CTN Webinar: A Practical Guide to Using Brief Addiction Monitor Data in the VA
Presented by Dominick DePhilippis, PhD (CESATE, Philadelphia VA) and Eric J. Hawkins, PhD (Seattle CESATE).
Produced by the NIDA Clinical Trials Network's Clinical Coordinating Center, August 14, 2017.
The CTN webinar "A Practical Guide to Using Brief Addiction Monitor Data in the VA," was presented by Drs. Dominick DePhilippis and Eric J. Hawkins on August 14, 2017 at 12pm ET.
The Brief Addiction Monitor (BAM) is a tool to support measurement-based care for people with substance use disorders, that was originally developed to assess patient "outcomes" in a valid and efficient manner at the VA. This one-hour webinar looks at its development and features, clinical use of the BAM, programmatic use of the BAM, and implementation history of the BAM at the VA.
Dominick DePhilippis, PhD is the education coordinator for the CESATE at the Philadelphia Veterans Affairs Medical Center, Philadelphia, Pennsylvania. He also is a clinical associate in the Department of Psychiatry at the University of Pennsylvania's Perelman School of Medicine. His areas of professional interest include the dissemination and implementation of measurement-based care and evidence-based treatments, in particular, motivational enhancement therapy and contingency management, in specialty care settings for patients with substance use disorders. He received his PhD in clinical psychology from Hahnemann University.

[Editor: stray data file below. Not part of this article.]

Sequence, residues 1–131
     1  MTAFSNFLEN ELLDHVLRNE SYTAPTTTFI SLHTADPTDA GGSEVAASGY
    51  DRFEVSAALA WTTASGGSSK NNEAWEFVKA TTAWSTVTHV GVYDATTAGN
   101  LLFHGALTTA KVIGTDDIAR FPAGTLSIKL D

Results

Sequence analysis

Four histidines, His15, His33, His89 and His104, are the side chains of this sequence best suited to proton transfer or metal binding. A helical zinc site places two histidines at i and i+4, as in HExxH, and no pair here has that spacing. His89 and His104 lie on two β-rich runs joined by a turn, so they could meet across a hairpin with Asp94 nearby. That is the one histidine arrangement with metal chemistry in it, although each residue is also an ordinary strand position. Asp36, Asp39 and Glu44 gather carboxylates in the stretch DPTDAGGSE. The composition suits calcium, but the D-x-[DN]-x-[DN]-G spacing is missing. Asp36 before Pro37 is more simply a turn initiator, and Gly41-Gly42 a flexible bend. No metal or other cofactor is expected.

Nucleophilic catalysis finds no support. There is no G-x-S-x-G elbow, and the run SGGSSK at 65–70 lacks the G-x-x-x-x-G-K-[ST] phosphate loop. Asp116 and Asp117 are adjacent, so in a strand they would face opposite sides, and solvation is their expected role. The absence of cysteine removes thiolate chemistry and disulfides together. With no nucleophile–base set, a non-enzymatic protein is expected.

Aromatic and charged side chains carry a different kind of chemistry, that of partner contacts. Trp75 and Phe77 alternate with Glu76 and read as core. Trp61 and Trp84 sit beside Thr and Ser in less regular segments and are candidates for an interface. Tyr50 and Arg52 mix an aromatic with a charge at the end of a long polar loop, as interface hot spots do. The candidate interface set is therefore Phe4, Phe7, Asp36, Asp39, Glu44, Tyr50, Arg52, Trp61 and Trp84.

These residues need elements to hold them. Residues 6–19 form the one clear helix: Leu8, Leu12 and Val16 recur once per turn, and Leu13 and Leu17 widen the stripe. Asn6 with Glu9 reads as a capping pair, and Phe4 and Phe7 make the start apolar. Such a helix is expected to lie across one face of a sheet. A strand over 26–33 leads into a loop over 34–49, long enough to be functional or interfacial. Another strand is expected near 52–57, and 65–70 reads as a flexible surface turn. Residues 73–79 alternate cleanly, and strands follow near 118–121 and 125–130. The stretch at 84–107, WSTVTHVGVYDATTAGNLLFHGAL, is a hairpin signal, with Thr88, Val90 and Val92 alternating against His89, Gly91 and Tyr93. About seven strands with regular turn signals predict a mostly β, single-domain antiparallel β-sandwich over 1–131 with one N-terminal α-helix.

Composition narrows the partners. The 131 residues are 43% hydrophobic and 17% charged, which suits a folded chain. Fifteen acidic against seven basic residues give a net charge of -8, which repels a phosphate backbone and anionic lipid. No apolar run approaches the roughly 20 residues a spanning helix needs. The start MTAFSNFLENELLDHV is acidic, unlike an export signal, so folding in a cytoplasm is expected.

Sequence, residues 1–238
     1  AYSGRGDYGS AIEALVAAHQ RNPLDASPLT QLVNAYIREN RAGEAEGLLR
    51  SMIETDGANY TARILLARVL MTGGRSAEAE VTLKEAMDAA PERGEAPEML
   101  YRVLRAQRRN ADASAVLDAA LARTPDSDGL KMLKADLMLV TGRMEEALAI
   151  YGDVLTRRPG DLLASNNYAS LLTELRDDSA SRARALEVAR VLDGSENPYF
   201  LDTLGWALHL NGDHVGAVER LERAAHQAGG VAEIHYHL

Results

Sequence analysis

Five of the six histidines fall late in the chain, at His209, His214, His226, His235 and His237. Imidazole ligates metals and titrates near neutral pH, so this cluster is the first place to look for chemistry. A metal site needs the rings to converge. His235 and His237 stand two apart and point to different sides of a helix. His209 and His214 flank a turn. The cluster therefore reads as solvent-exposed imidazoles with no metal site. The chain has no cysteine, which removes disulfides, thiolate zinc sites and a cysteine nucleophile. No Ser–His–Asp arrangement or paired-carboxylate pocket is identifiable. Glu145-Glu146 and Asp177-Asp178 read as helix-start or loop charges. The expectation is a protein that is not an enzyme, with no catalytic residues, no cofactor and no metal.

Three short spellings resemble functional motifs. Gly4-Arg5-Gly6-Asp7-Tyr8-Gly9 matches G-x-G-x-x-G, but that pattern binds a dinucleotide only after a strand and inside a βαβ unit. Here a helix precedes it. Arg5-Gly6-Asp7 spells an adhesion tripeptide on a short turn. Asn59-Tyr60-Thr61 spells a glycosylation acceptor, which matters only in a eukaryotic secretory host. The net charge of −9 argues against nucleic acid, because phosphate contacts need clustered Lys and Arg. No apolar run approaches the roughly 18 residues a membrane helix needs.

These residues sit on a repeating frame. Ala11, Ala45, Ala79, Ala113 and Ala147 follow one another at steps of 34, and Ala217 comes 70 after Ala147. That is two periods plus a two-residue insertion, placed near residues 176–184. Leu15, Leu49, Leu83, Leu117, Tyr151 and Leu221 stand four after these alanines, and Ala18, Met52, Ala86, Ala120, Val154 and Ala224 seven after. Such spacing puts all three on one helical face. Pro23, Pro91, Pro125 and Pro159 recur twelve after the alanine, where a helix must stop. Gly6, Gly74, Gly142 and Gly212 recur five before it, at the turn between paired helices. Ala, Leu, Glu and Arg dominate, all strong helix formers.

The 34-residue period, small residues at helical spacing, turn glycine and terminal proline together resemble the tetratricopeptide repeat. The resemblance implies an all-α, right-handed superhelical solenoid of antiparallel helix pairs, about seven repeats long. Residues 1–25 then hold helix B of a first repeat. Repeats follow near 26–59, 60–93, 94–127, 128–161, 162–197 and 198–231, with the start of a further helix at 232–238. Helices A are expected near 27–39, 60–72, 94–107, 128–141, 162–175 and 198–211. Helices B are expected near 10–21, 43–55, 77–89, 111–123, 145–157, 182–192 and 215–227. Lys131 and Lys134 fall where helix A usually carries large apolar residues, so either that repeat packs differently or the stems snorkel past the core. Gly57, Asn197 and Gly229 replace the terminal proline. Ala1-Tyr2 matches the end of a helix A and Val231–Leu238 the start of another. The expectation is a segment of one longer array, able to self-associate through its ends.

Eric J. Hawkins, PhD is an Investigator with Health Services Research & Development (HSR&D) Seattle Center of Innovation for Veteran-Centered and Value-Driven Care and the Associate Director of the Seattle Center of Excellence in Substance Abuse Treatment and Education (CESATE), one of two national VA centers devoted to improving the quality of care and clinical outcomes of veterans with substance use conditions. He also is an Associate Professor in the Department of Psychiatry and Behavioral Sciences at the University of Washington and a licensed clinical psychologist in Washington State. His primary research interests include evaluating and improving behavioral health and substance use outcomes of Veterans with alcohol and/or drug misuse conditions. He received his PhD in Clinical Psychology from Brigham Young University.